Securing the Supply Chain

A Q&A with SAFC and BioReliance about sourcing and risk mitigation for raw materials.
Mar 02, 2013
By BioPharm International Editors

Photo Credit: Oxford/Getty Images
In an industry where materials are globally sourced, qualifying the raw materials that go into producing a pharmaceutical product can be complex. Dave Backer, senior director and general manager at SAFC's Carlsbad, CA facility, and Mike Garrett, senior director, global marketing at BioReliance, spoke to BioPharm International about sourcing and risk mitigation for raw materials.


BioPharm: It's now a global sourcing market for raw materials, presenting problems for manufacturers in ensuring a safe and secure supply chain. What industry initiatives are in place to ensure supply-chain quality?

Backer: SAFC is in the business of providing raw materials or services to the API market, both for small molecules and biologics. We recognize that there are two factors that have to be considered in the supply chain and for the raw materials that go into that supply chain. The first is: can the raw material be made correctly to begin with, and what does that mean? What is the level of quality of products that go into the supply chain? The reality is that some of these raw materials are made in large volumes for other industrial applications, of which the biologic or chemistry use is a small part of the total.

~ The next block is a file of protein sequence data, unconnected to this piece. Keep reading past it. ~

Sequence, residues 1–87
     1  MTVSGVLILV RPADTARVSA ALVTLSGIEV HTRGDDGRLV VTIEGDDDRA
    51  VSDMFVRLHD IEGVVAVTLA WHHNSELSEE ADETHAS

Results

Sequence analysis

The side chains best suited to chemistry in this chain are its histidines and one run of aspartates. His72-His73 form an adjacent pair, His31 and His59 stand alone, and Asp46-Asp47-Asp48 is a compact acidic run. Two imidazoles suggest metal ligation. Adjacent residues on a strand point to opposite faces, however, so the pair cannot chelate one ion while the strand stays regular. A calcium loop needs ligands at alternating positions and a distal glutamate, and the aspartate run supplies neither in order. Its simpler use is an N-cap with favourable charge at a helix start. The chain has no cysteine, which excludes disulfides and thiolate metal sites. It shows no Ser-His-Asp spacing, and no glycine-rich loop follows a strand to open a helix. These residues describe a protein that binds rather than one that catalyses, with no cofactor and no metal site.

The second issue is where was it made? Determining where something is made is much more difficult than it sounds, and requires knowing, whatever that chemical is, that we've gone back to the source of manufacture and we've qualified that supplier. SAFC has initiated a program called PharmaGrade. It's a portfolio of products where we say that, for these products, we will confirm that we know exactly who the manufacturer is, that we've done quality audits, and that it's made appropriately for pharmaceutical manufacturing. There are other companies that are doing the same. EMD Millipore, for example, has the Emprove program, and some other companies are going down that path as well. For us as an industry, as suppliers, it becomes more evident that we have to hit a certain bar. Pharmaceutical and biotech companies are depending on suppliers to be able to provide them with products that are appropriate.

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